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J Food Sci Technol. 2015 Sep;52(9):5736-44. doi: 10.1007/s13197-014-1646-6. Epub 2014 Nov 26.

The influence of roasting and additional processing on the content of bioactive components in special purpose coffees.

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Department of Food Chemistry, Technology and Biotechnology, Faculty of Chemistry, Gdansk University of Technology, G. Narutowicza 11/12, 80-233 Gdańsk, Poland.
Department of Chemistry, University of Warmia and Mazury, Plac Łódzki 4, 10-727 Olsztyn, Poland.



Coffee being the beverage consumed worldwide is also a very competitive commodity. Consequently, producers seek ways of attracting consumers by proposing e.g. novel ingredient combinations usually without evaluating their health quality. In this study, variations in health-promoting determinants for five special purpose coffee brews were characterized. The major bioactive components - chlorogenic acids (CAs) - detected by HPLC-DAD-MS included caffeoyl-, feruloyl- and dicaffeoylquinic acids. Roasting declined CAs content by 50 %, while caffeine content increased by about 30 % during this process. In roasted coffee brews studied, CAs content varied from 14.1 to 26.6 mg/g; smaller variations were seen in antioxidant potential (determined by spectrophotometric and cyclic voltammetry assays). Profiles generated by HPLC with post-column on-line antioxidant detection revealed that caffeoylquinic acids were the most abundant antioxidants in samples studied. The highest antioxidative potential exhibited coffee enriched with green coffee extract confirming the soundness of such an approach to obtain healthier products.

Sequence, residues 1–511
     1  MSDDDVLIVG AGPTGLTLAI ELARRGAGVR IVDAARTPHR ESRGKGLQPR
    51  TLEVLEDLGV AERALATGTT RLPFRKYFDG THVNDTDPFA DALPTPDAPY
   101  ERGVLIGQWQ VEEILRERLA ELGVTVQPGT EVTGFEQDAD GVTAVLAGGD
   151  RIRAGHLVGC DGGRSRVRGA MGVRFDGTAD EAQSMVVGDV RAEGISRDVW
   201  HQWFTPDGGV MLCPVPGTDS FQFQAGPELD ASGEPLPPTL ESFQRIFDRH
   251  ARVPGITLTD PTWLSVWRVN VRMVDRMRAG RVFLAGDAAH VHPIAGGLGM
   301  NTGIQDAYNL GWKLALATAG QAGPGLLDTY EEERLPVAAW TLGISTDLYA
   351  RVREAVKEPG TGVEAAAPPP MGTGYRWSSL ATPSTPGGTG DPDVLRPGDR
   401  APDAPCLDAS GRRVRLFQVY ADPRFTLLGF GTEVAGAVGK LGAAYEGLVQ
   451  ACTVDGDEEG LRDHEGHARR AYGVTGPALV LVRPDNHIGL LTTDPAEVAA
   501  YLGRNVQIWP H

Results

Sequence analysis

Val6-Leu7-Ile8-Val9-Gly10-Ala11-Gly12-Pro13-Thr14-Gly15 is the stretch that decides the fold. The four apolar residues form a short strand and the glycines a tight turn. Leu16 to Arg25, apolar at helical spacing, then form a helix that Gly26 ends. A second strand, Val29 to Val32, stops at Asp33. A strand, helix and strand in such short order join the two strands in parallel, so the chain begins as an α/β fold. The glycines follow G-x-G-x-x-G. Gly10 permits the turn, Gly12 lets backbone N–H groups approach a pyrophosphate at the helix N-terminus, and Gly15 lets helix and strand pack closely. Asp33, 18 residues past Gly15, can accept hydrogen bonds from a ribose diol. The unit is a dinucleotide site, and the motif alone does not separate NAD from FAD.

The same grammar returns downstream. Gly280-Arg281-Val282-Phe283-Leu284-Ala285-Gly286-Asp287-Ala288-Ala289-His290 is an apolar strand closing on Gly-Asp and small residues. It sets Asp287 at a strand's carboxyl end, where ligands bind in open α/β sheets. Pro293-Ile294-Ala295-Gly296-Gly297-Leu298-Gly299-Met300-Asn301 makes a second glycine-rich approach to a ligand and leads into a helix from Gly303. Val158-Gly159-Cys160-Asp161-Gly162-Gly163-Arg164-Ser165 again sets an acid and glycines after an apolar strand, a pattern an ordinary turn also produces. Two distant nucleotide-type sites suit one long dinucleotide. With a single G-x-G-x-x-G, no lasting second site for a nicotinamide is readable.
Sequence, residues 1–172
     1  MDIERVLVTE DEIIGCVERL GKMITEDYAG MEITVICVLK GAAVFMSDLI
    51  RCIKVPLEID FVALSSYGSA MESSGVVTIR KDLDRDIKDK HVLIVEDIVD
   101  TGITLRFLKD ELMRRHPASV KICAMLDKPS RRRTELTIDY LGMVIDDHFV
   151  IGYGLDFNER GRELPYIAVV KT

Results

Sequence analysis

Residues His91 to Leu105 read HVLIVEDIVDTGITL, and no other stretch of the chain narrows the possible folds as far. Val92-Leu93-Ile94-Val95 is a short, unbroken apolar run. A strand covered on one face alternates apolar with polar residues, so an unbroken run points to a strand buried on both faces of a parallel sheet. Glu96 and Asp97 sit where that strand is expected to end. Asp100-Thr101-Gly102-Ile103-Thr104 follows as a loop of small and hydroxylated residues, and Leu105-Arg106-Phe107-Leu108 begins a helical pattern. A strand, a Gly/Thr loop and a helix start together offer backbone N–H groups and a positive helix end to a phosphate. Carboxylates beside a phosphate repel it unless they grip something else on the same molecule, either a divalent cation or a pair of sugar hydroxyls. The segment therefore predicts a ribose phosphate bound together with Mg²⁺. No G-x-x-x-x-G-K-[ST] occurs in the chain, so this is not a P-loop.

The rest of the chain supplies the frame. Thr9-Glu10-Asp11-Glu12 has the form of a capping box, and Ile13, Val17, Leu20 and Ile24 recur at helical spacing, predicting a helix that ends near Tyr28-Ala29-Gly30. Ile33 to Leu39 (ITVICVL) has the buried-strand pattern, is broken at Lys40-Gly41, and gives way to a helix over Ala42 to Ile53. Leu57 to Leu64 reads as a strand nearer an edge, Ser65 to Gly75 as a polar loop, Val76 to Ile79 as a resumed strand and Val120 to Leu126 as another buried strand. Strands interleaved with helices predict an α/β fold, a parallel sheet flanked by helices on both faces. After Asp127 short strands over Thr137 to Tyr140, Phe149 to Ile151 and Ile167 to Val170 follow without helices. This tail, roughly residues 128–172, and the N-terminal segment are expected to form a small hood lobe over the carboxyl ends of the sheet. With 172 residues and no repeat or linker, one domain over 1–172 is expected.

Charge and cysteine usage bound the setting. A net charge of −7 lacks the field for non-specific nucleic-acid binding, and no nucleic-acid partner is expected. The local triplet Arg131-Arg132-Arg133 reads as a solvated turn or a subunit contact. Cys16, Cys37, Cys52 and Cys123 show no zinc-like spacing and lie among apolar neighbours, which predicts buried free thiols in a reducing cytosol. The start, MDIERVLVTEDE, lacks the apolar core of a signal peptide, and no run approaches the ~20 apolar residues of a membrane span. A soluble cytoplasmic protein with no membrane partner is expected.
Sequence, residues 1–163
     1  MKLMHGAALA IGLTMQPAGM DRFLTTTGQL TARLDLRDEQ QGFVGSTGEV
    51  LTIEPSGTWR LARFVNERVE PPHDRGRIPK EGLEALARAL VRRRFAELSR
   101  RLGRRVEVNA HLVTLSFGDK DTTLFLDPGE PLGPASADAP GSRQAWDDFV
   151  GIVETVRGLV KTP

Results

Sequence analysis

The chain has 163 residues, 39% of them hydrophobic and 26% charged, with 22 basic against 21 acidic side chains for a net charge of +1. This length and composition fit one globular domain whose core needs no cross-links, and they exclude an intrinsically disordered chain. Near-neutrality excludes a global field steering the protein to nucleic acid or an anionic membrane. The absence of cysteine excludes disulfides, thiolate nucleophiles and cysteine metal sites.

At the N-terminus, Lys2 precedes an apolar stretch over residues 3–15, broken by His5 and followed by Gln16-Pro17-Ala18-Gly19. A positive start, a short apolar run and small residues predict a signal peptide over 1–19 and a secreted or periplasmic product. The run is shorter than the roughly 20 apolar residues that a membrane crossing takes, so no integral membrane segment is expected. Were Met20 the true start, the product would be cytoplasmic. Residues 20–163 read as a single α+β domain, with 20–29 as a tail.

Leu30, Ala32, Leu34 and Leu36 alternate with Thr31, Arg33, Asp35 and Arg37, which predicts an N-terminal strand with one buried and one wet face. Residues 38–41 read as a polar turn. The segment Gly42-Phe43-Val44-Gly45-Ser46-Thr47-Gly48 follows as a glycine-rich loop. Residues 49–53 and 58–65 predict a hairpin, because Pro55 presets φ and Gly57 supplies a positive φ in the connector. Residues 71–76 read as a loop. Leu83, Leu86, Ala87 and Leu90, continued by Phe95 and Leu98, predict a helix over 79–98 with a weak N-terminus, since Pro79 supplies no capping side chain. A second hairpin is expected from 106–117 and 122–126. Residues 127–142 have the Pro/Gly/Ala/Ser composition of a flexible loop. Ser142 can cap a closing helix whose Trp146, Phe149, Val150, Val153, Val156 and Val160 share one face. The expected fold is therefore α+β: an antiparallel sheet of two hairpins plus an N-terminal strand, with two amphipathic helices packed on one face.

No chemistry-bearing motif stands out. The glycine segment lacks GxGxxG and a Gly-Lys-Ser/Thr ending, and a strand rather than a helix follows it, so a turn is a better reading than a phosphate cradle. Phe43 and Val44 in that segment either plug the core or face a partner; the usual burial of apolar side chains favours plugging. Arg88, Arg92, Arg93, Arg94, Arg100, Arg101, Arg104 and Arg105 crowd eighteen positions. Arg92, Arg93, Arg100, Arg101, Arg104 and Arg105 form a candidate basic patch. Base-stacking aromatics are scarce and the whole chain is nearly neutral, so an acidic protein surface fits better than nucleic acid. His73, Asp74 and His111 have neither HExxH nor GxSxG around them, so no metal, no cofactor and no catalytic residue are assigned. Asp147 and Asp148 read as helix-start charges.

• Special purpose coffees are equivalent to regular ones as regards antioxidant potential. • Caffeoylquinic acids are the most abundant antioxidants in coffee samples studied. • Roasting process causes some degradation of chlorogenic acids but not caffeine. • Special purpose coffees retain health benefits while being more attractive to consumers.


Antioxidants; Caffeine; Phenol composition; Special purpose coffees

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